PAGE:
A photo of Rashmi Hegde.

Professor, UC Department of Pediatrics

513-636-5947

513-636-6772

Biography & Affiliation

Biography

Pediatric cancer affects more than 10,000 children, from birth to 14 years of age, every year. It remains a leading cause of death from disease among children, reports the National Cancer Institute. As such, researchers need to continue pursuing experiments and therapies to save children’s lives from pediatric cancer.

My research areas include cancer biology, tumor angiogenesis, drug development, DNA damage repair, structural biology, phosphatases, retinal disease and pulmonary arterial hypertension.

Our lab is interested in elucidating molecular mechanisms that promote the proliferation of cells under conditions of stress, as seen in diseases such as cancer, retinopathy of prematurity and pulmonary arterial hypertension (PAH). We then manipulate this knowledge to develop innovative therapeutic approaches. My colleagues and I utilize structure-based drug design, experimental high-throughput drug screens and virtual screening to find the right drug types and test them in pre-clinical animal models.

For more than 20 years, my lab team members and I have been studying molecular mechanisms that drive disease processes with a specific interest in the ability of disease-associated cells to survive conditions of hypoxic stress.

One notable discovery from my lab in the mid-2000s was finding that the Eyes Absent (EYA) protein, which is part of the signaling cascade, is the founding member of a new mechanistic class of protein tyrosine phosphatases. We have since linked this activity of the EYA proteins to angiogenesis, cell migration and cells' endurance under oxidative stress. We have since identified small molecule inhibitors of the EYA protein tyrosine phosphatases (PTP) activity.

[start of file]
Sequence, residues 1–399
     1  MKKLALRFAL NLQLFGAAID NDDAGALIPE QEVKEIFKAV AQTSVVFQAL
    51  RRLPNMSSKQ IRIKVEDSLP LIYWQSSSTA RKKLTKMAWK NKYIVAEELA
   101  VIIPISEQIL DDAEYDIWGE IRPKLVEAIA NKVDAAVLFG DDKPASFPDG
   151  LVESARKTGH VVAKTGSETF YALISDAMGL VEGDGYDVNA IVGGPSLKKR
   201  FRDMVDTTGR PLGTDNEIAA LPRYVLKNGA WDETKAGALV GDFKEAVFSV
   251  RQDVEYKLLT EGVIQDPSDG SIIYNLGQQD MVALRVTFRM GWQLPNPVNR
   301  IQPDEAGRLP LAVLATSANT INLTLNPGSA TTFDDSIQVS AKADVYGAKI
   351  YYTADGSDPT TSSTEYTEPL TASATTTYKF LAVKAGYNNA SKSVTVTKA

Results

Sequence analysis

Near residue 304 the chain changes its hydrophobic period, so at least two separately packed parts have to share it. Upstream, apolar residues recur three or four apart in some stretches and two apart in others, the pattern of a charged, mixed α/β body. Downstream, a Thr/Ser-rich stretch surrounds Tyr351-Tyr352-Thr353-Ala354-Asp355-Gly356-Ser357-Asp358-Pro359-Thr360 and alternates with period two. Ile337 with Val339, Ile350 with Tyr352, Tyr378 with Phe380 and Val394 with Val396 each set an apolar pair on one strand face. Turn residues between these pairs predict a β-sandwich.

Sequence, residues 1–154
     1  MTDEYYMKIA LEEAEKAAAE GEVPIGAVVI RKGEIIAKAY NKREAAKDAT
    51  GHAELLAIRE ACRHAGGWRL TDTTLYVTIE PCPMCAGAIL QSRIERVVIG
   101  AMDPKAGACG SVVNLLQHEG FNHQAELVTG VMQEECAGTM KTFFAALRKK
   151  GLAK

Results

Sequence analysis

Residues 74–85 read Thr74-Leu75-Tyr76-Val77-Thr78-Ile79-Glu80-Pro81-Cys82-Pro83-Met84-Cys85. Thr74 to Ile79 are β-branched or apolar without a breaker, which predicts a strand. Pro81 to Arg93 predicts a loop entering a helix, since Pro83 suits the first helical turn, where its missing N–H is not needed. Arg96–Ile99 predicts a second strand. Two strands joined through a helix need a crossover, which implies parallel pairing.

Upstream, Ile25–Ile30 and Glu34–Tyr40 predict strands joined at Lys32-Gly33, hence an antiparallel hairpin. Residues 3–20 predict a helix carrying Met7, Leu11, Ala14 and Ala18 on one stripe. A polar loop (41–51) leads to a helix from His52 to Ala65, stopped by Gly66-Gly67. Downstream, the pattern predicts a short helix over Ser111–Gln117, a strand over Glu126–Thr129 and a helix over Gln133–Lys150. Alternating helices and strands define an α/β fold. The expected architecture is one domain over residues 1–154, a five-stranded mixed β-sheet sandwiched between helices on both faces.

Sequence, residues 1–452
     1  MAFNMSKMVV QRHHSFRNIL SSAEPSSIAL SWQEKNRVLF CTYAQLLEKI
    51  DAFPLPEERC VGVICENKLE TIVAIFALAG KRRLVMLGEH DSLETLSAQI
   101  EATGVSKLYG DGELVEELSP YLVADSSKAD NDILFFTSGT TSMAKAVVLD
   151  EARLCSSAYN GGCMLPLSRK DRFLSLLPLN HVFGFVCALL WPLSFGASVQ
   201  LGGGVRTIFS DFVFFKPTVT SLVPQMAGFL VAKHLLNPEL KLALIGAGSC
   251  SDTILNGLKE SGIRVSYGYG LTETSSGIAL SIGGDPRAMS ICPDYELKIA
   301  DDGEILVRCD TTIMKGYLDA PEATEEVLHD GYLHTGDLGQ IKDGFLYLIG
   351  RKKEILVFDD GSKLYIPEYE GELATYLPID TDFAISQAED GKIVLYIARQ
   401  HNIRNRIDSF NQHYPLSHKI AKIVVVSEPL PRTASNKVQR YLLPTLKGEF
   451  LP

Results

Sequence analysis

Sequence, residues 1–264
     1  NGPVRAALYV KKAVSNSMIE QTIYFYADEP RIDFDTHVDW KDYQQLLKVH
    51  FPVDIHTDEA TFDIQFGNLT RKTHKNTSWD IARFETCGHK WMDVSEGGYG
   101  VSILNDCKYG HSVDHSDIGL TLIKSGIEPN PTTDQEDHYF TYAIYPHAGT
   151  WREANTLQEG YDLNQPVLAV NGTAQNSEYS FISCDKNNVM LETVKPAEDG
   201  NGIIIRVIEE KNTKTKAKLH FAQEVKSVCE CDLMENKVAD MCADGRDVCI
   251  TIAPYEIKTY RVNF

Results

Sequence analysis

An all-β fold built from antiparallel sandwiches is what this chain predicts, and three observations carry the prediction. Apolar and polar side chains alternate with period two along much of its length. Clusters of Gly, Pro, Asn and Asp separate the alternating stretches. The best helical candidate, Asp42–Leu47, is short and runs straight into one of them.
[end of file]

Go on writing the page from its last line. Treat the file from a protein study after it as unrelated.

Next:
Other notable discoveries from my lab include:

  • Demonstrating that the EYA PTP activity contributes to both developmental and pathological angiogenesis
  • In vivo validation of an EYA-PTP inhibitor as an anti-angiogenic agent in a tumor model
  • In vivo validation of an EYA-PTP inhibitor as a possible therapeutic factor when treating retinopathy of prematurity as well as in treating pulmonary arterial hypertension

In addition, I have received numerous recognitions and awards during my career, including:

  • Faculty Achievement Award in Education, Cincinnati Children’s Hospital Medical Center (2017)
  • National Cancer Center Postdoctoral Fellowship (1991-1993)
  • Dean’s Recognition Citation for Excellence in Medical Education, NYU (1999)
  • Whitehead Presidential Award for Junior Faculty, NYU (1995)
  • Bombay University Certificate of Merit (1982)
  • National Science Talent Search Scholarship (1979)

I have more than 30 years of experience in the study of cancer biology, the molecular basis of disease and structure-aided drug design. I joined the team at Cincinnati Children’s Hospital Medical Center in 2002. I’m also the founding director of the Graduate Program in Biomedical Research Technologies at Cincinnati Children’s Hospital Medical Center.

Clinical Interests